August 12, 1862: Henry and Mary Warner to John Warner

Henry and Mary Warner lived in Allegheny City, Pennsylvania, now part of Pittsburgh. They are the great-grandparents of poet Marianne Moore.  By the 1860s they had three surviving children:  John, Henry, and Anne. Their letters to John, a Presbyterian minister living in Gettysburg, are preserved as part of Marianne Moore’s family papers.

Moore VI-5-9 p1 Henry and Mary Warner to Children 8-12-62

Moore VI-5-9 p2 Henry and Mary Warner to Children 8-12-62


Allegheny City Tuesday August 12th 1862—11 A.M.

Our Dear Children—very grateful indeed are we to an overruling Providence for our safe arrival at our home at 12.30 A.M. in health and safety—Henry was on the R.R. platform & Mother spied him, I think, a minute before the cars stopped—he handed us both out took shawl, bonnet box & Mothers little basket in his possession & we all three walked over to our comfortable home where Anne was in waiting ready to receive us, a fire made & tea kettle boiling with bread & butter of her own supply; I must now inform you of our trip it was a most delightful one—we did not dine at Harrisburgh nor sup at Altoona—had ice water on the cars and our Gettysburgh supply satisfied us—for my part I could eat nothing on my arrival, just took a drink of water & went to bed left Mother Anne & Hy chatting—Henry is now away for the trunk & also to deliver Rev’d McElwer’s favour to Dr Rodgers—consequently I am without my gold pen—

Must now tell you about Henry—he is enlisted in the volunteer Engineer service—in a regiment stationed at Fort Delaware—they are not to be moved about from place to place as the army in other places—The fort is to be prepared for the purpose of repeling foreign intervention, or invasion—the artillery well drilled then do duty at the fort mounting guard every morning– & having parade morning & evening—where a regularity & an abundance of wholesome food besides a wholesome atmosphere will be enjoyed also the comfort of sea bathing &c&c that many of our military are strangers to—we can also exchange letters with him as regular as with you—how soon he will leave, we do not know nor does he know himself; I have now given you all the information I could on this subject—poor Mrs Brown was in this morning to welcome us home, & also to weep about the probability of her son going to war—the young men here cannot bear the idea of being draughted—our pastor Rev’d J.B. Clark is to leave this week in the command of a company raised by himself—there is & has been a perfect furor here among the people enlisting & hastening to the battle field—Mother was at market this morning is now busy brushing up & cleaning our dear home—our valuable cat has never left us and has three fine kittens since we left thanks to the kind attention of good neighbours—Our Henry has not forgotten Mary, inquired to know how she was—remember us to all kind friend—Miss Rebecca Campbell, Mr & Mrs Dickson—Mrs Cobine and Many, many, many others who have been to us very kind indeed both of Hunterstown & Marsh Creek congregations—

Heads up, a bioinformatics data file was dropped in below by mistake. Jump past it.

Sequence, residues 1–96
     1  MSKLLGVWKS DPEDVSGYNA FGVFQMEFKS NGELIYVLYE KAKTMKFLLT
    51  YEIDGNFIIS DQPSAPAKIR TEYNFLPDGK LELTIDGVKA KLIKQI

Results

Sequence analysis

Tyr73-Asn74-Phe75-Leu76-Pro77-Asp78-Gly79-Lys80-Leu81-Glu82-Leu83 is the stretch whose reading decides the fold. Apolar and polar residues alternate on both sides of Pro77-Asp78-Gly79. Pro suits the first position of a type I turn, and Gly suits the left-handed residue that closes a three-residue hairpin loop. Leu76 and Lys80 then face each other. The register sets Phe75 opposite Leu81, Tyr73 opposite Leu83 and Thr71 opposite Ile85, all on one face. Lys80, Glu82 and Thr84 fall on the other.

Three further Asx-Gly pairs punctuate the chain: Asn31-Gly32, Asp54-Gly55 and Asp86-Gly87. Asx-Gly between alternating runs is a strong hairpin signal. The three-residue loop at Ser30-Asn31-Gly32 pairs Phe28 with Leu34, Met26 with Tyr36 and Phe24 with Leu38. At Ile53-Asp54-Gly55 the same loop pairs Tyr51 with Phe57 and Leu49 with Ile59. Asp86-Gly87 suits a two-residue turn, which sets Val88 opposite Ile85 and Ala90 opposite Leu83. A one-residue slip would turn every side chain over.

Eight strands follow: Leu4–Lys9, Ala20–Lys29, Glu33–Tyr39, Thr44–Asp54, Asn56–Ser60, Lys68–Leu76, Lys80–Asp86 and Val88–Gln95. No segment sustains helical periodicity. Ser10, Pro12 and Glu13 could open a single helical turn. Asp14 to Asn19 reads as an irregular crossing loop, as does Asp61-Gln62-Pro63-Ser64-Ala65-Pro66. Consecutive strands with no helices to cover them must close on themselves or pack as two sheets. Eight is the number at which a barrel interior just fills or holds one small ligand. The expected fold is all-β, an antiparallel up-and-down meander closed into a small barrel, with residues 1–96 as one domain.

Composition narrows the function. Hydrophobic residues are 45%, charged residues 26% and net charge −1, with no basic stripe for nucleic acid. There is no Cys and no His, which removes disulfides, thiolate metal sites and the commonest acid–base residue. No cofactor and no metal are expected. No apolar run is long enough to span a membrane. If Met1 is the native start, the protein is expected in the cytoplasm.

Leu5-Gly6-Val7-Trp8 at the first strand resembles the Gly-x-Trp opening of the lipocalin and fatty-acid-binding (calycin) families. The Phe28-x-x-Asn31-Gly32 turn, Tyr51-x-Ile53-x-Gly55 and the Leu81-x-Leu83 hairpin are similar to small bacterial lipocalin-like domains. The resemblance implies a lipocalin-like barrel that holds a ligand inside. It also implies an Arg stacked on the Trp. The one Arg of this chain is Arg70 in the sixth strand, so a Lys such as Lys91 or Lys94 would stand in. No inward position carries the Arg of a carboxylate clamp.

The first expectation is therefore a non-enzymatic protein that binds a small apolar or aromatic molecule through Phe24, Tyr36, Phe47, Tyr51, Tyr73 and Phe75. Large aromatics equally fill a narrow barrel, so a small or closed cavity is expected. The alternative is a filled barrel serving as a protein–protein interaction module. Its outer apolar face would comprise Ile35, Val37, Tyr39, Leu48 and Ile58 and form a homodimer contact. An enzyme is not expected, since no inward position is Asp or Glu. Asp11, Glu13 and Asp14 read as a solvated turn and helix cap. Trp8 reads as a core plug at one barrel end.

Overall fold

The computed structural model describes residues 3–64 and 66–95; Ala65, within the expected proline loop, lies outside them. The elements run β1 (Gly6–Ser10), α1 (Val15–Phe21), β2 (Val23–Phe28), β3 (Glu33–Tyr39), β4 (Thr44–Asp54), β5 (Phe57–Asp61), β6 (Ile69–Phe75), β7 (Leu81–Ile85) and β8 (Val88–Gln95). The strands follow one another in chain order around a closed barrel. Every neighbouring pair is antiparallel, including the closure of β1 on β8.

Joseph Banks & Mr. McMaster are to carry on the business of the mill—Mr. McM is exempt from Military service I believe from some physical disability—Henry is come but trunk wont come until afternoon—kind remembrance to Jennie and a kiss for our dear little Mary

Your affectionate father & mother

Henry & Mary Warner



Citation: Henry and Mary Warner, autograph letter signed to John Riddle Warner. Allegheny City [Pittsburgh], 12 August 1862. Moore VI:05:09

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